What Debbie experienced is not unusual. It reflects a dark shift in the market, which is turning back the clock on women's ability to accumulate wealth. Financial analysts have long documented that women are more risk averse than men and have higher credit scores. Yet, women were over-represented as sub-prime borrowers in the housing boom, and are now at a higher risk of foreclosure. If women have higher credit scores, why did they receive the bulk of risky lending? If they are more likely to avoid risk than men, why do they have sub-prime loans when they qualify for prime?

Conclusive answers to the complex nature of those questions are still unknown. However, what we do know is that although women are beginning to close the wage gap, many are seeing that wealth stripped away by foreclosure.  Furthermore, while many predatory lenders from the past decade are no longer in business, foreclosure prevention scams have risen in their place, asking for unnecessary pre-payments that mirror the exorbitant fees charged in sub-prime lending.

As Debbie’s home neared foreclosure she received an offer in the mail from a lawyer falsely claiming to be part of President Obama’s foreclosure prevention initiative.  “I was getting all this mail from lawyers who were claiming they could help me out. I didn’t know where to turn. And then Obama was on TV, and he said there was a federal program to stop predatory lenders. The next day I got this one offer. It said ‘you have been selected for the Obama foreclosure prevention program.' I thought this is it, this will help.”  Debbie signed the paperwork and paid the attorney fees up front to stop the foreclosure. “I put a nail in my coffin when I did that. I gave him all the ammunition to get us. It turned out he never did anything to stop the foreclosure.”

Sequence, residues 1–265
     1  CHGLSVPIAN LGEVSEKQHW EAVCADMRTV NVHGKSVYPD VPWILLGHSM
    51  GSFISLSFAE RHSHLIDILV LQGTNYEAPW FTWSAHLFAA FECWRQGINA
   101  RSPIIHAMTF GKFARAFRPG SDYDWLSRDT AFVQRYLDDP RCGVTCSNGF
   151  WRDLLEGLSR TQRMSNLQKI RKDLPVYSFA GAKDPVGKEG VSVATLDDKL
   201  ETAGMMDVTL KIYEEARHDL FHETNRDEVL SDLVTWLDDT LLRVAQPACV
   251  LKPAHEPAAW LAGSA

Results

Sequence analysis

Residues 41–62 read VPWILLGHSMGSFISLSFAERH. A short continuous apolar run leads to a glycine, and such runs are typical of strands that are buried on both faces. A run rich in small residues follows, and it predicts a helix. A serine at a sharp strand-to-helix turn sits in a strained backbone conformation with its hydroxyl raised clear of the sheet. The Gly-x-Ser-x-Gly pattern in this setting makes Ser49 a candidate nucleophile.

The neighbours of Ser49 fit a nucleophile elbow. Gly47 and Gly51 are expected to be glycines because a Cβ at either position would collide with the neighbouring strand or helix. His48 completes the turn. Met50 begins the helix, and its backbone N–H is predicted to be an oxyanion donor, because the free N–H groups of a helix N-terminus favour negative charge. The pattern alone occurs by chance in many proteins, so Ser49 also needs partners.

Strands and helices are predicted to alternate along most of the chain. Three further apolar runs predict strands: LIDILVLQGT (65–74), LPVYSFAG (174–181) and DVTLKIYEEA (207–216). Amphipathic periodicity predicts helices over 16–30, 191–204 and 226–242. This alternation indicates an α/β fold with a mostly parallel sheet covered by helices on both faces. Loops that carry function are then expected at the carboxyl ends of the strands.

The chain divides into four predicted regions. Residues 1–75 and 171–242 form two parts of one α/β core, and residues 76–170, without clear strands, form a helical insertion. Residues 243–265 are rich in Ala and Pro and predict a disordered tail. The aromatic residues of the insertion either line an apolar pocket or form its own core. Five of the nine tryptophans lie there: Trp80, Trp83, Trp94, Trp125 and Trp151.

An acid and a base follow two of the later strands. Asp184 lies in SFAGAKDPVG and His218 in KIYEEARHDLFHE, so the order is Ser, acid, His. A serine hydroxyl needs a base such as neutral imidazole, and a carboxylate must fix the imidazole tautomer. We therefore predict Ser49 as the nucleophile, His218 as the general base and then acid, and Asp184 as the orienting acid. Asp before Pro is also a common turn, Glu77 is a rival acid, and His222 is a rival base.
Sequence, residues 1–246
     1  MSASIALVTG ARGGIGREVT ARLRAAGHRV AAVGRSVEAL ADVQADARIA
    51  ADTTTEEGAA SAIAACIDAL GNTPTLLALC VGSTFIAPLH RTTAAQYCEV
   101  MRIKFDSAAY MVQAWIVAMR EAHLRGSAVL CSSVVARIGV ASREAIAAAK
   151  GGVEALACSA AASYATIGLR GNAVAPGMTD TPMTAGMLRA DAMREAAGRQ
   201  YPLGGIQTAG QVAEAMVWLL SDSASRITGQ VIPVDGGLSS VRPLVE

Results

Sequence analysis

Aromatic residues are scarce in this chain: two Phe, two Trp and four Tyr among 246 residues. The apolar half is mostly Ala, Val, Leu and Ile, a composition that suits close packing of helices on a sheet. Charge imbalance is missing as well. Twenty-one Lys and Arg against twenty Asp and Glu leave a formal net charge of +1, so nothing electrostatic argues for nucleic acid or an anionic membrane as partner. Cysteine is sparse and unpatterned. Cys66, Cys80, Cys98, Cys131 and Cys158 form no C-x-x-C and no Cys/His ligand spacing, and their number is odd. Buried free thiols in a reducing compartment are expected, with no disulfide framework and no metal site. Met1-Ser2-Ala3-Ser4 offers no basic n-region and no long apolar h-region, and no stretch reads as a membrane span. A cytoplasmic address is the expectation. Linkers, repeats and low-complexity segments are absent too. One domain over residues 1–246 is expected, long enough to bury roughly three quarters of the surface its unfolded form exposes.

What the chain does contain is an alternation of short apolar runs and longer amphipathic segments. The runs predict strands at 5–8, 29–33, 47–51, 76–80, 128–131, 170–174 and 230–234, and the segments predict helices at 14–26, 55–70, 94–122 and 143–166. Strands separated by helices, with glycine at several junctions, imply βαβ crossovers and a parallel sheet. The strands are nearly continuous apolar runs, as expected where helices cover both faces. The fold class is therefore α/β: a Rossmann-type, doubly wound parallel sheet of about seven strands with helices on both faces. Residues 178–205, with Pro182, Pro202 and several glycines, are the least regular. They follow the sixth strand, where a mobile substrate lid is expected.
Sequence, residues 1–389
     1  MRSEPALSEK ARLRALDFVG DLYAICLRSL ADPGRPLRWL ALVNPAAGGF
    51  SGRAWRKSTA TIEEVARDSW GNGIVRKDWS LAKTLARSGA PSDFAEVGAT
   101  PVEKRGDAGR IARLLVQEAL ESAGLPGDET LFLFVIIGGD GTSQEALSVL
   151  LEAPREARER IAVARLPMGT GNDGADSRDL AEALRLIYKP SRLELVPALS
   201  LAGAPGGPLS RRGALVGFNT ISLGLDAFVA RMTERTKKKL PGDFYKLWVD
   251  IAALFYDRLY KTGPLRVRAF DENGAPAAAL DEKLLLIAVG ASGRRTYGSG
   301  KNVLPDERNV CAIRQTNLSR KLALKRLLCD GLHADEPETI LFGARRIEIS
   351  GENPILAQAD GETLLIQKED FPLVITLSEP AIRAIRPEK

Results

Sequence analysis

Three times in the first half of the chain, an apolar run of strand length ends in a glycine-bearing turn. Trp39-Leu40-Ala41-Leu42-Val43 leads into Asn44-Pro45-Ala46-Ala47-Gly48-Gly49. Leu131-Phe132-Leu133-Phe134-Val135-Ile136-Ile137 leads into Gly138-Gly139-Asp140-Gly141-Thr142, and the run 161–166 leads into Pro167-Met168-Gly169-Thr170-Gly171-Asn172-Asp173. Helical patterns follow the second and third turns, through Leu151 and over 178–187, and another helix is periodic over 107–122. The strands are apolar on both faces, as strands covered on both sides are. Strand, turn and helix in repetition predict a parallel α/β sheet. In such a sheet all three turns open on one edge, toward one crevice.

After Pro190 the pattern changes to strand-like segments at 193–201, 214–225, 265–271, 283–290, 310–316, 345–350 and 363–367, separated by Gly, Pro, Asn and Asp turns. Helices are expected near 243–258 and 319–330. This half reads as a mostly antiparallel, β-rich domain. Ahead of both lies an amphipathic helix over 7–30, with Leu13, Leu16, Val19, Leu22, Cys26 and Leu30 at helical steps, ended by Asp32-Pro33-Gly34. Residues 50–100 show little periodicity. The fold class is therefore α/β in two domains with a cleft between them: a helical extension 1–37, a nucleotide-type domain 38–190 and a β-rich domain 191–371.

For all that Debbie went through she took several steps that allowed her to recoup some of her losses due to the scam. First, she kept meticulous records—copies of every interaction with every company.  Second, when social services turned her away, she called her congressman—often. “When the sheriff came the first thing I did was call the lawyer, and the number was disconnected. I went ballistic because I knew I had been taken. I began calling Congressman Sestak’s office regularly.” Since she had saved her paperwork, former Congressman Joe Sestak's staff was eventually able to track the lawyer who had also scammed many other people desperate to save their homes.

Although it was too late to help her, Debbie discovered later on that her county did have federal funds available through local non-profits to renegotiate defaulted mortgages. Single women who are managing the constant calls from their lender along with caring for their families, and working are at particular risk of not knowing what resources may be available if they do not have the time to search.  Beginning by contacting your local government officials is an excellent way to start. Homeowners are taxpayers and voters. It is in the best interest of lawmakers to pay attention when their constituents are facing foreclosure.  The costs of foreclosure affect the property values and municipal funds of entire communities, and your elected officials need to hear from people on the frontlines of a devastating crisis that can undermine the fiscal health of entire communities.  Lists of HUD certified housing counselors are available on the HUD site along with tips for avoiding foreclosure scams.

The number one tip off that a proffered service is a scam is if they ask for any type of payment or power of attorney.  True foreclosure prevention is conducted through non-profits, not through private enterprises attempting to collect fees.  Women facing foreclosure need to know they are not alone. They are among scores of women who have been swept up in the Great Recession and who should expect help from government officials who represent them. 

The views expressed in this commentary are those of the author alone and do not represent WMC. WMC is a 501(c)(3) organization and does not endorse candidates.